Lyin' Scion

How deep is this Toyota subsidiary's love of hip-hop?

On Tuesday, August 23, Bavu Blakes was just another Texas rapper trying to make it. Granted, the Dallas-bred MC was already on the fast track; he'd built a sizable following in his current home of Austin and had hosted mixtapes with the likes of Paul Wall.

But the next day, his situation improved dramatically: Blakes was named a finalist in the Scion Nextup Unsigned Emcee Search. Out of thousands of submissions, his song "Black Gold" was handpicked by notable national acts DJ Premier and Sean Cane to compete against nine other rappers in an online vote. The winner would receive a marketing deal, $5,000 cash, a professionally filmed video and more.

Blakes didn't have long to celebrate. The next day, he got a phone call from Inform Ventures, LLC contest organizer Jay Cortez, explaining that "Black Gold" had been disqualified from the contest for "political" content. Cortez pointed to these selected snippets from the song: "Bush and Bin Laden got so much they rotten," "Texas: home of the real Death Row" and "What'd we really go to Iraq for?" Blakes contended that the lines were metaphors with no actual political intent, and offered to edit the song for the sake of the contest. To no avail. He was disqualified.

Blakes: Would you buy a car from this man?
Blakes: Would you buy a car from this man?
Critical Fatwa
Critical Fatwa

Word spread rapidly on the Internet, thanks to jumbo-size articles at hip-hop sites such as and Houston Press contributor Matt Sonzala's blog, The statewide rap community was up in arms with shouts of censorship and diatribes against Scion's attempt to co-opt the culture as a selling point for their cars.

"These companies don't respect hip-hop," Dallas rapper Steve Austin told Wack. "They look at it as a dollar sign. Scion would rather screw Bavu than have somebody [in their contest] that's a political figure."

In an interview with SOHH, Inform Ventures' Patrick Courrielche explained that Blakes's submission "contained disparaging remarks about other people and the song communicated a message that Toyota didn't wish to be associated with." He didn't explain why the judges' approval wasn't questioned before contacting Blakes.

"The people who picked him thought he was good enough," Austin says. "Premier, Sean Cane, these are people we looked up to. So what does it mean to have their knowledge second-guessed by people who don't really care about what they're doing?"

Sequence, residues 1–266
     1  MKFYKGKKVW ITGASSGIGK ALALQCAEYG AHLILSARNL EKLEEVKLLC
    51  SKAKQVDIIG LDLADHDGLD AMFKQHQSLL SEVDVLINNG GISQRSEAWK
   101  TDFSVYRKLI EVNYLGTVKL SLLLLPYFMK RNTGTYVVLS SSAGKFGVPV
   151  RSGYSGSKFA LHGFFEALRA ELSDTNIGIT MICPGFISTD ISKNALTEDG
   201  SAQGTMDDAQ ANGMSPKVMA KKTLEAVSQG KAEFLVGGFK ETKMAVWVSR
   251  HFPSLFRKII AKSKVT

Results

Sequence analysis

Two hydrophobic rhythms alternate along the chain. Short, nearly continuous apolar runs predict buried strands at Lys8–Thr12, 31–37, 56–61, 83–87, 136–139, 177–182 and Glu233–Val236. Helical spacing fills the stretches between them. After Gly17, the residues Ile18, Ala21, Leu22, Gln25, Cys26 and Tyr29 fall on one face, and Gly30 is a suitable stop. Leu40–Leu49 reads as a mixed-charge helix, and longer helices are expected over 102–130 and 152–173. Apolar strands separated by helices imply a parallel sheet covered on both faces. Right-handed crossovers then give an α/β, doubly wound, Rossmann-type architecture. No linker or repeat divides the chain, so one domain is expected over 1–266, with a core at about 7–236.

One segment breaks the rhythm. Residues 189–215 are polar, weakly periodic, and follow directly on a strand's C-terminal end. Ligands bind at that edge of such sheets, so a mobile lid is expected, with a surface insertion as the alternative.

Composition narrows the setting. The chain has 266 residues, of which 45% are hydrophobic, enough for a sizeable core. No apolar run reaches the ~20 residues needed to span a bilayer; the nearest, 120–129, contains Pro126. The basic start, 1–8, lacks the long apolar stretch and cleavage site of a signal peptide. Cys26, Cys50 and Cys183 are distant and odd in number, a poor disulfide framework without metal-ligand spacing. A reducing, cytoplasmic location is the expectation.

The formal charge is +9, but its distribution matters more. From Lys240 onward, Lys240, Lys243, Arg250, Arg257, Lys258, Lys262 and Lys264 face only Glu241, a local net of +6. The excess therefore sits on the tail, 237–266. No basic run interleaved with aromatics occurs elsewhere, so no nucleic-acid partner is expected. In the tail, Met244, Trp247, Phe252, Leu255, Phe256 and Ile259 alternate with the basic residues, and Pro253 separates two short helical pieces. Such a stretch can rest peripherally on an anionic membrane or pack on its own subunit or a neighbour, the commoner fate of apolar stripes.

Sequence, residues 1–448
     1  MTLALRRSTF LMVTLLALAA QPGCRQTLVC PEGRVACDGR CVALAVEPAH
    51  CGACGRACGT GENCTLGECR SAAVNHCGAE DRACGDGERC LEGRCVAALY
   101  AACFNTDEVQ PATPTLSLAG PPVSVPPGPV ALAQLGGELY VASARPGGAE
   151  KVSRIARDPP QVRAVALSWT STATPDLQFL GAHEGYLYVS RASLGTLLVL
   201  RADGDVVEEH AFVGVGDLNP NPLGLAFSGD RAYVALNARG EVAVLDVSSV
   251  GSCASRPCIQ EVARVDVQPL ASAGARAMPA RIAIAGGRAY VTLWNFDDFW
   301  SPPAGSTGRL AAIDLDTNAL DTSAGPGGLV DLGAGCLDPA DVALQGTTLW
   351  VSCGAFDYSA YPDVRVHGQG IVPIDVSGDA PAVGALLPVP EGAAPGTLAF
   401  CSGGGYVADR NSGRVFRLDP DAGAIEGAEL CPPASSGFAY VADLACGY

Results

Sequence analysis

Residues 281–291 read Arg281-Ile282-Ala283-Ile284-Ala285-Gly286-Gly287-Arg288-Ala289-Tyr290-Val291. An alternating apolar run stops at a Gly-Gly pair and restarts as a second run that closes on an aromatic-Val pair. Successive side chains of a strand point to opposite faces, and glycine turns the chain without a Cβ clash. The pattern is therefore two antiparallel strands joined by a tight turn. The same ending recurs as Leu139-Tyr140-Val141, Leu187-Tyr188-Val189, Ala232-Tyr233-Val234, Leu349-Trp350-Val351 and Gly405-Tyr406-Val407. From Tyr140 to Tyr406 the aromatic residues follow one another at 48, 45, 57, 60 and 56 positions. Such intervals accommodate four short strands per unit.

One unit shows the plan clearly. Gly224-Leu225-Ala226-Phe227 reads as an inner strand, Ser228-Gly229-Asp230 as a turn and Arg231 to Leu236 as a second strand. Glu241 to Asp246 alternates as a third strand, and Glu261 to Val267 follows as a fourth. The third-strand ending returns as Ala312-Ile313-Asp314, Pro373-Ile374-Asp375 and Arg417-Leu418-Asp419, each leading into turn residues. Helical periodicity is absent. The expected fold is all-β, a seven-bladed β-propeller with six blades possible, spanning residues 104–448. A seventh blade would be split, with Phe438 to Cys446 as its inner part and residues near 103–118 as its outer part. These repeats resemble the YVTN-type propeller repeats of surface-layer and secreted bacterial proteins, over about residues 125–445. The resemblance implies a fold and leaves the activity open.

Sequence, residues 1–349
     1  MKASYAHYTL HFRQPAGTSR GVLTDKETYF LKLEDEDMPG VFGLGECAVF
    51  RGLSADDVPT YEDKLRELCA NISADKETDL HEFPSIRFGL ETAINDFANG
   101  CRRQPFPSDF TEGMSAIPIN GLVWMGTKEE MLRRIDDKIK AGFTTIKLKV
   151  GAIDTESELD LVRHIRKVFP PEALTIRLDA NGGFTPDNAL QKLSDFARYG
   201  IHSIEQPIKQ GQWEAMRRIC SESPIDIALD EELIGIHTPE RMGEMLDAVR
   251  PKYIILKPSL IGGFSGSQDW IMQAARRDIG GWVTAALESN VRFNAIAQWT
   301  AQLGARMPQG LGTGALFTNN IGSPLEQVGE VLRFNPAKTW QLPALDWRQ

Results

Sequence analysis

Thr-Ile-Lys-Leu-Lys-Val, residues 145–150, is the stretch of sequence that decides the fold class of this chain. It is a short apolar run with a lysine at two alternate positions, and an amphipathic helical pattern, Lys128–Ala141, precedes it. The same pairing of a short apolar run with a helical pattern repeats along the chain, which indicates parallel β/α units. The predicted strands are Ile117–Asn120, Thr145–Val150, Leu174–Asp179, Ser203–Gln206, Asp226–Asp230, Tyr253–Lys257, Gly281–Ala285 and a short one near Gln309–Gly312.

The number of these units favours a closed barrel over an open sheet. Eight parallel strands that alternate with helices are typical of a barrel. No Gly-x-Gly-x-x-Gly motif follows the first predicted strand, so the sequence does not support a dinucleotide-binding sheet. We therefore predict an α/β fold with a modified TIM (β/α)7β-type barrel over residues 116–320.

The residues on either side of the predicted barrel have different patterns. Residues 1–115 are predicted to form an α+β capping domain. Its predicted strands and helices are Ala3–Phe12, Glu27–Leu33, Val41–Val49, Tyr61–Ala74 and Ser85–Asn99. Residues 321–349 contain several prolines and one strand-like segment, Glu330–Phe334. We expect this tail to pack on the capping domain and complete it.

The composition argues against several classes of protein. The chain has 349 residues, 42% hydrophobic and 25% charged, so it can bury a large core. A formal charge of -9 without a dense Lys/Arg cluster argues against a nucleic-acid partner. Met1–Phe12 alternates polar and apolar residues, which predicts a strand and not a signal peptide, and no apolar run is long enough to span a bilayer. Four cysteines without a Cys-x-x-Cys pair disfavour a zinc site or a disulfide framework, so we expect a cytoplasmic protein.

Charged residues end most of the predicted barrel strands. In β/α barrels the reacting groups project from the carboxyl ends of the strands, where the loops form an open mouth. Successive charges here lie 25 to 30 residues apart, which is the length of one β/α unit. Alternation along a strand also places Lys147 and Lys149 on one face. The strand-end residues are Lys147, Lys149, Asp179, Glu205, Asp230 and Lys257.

In effect, Scion proves a point that Blakes makes in "Black Gold": "I'm s'posed to be rapping about rims, teeth / Brands of liquor, fashion trends, freaks and heat / Glory to death and destruction I see in the street / If not, they gotta label me 'deep.' "

Reached after the debacle, Blakes was surprisingly upbeat about the whole stink, and with good reason. He believes that the rap game is "90 percent marketing." He'd already received interview phone calls from The Source, among other top-tier media outlets, and "Black Gold" had become the top Texas rap song on, beating both Paul Wall and Mike Jones in plays. Blakes added that he's getting more publicity now than he would have if he'd made the finals and lost.


All hail that doe-eyed siren known as Fiona Apple! Though she can be pretentious and sometimes seems unstable, these are faults we can forgive. Therefore, we do not fatwa Apple, even though her last album title had twice as many words in it as a standard Ramones song. We like Fiona Apple. That is why we listened to her newest album, Extraordinary Machine, months ago when it leaked on the Internet to much public acclaim. But Apple's label, Epic Records, would like us to pretend this didn't happen. For treating us like fools, Epic, we hand you a stinging fatwa!

In a recent press release, Epic crowed that soon we will be able to hear the newly completed album. But we have already heard this album. Perhaps, Epic, you brought in a new producer for this release and ditched the venerable Jon Brion. We have a name for that: a remix album! Epic, you know that we know about the advance version -- this paper even wrote about the leaked album in May. Yet you treat us as if you were a lothario caught in another's embrace: We see right through your Judas kiss!

The days have passed, Epic, when you could pretend that Internet file-sharing did not exist. May all of your bad decisions come back to haunt you, and may all of your albums leak. This is the fatwa as we have pronounced it! It is written. -- The Ayatollah of Rock


When the Supreme Court ruled in July against Internet sites that enable peer-to-peer file-sharing, it did music downloaders a favor. As anyone who's ever visited P2P sites like Grokster and Morpheus can attest, sound quality is maddeningly dodgy, and the catalog is hopelessly disorganized. The imminent shutdown of these sites should provide the kick in the pants you need to find a better alternative.

Russia is where it's at. Benefiting from lax copyright laws, Russian MP3 sites offer a wide array of music to download for a nominal fee. The music isn't free, but it's close. And because the sites are run as businesses rather than loose collectives, they're much more user-friendly.

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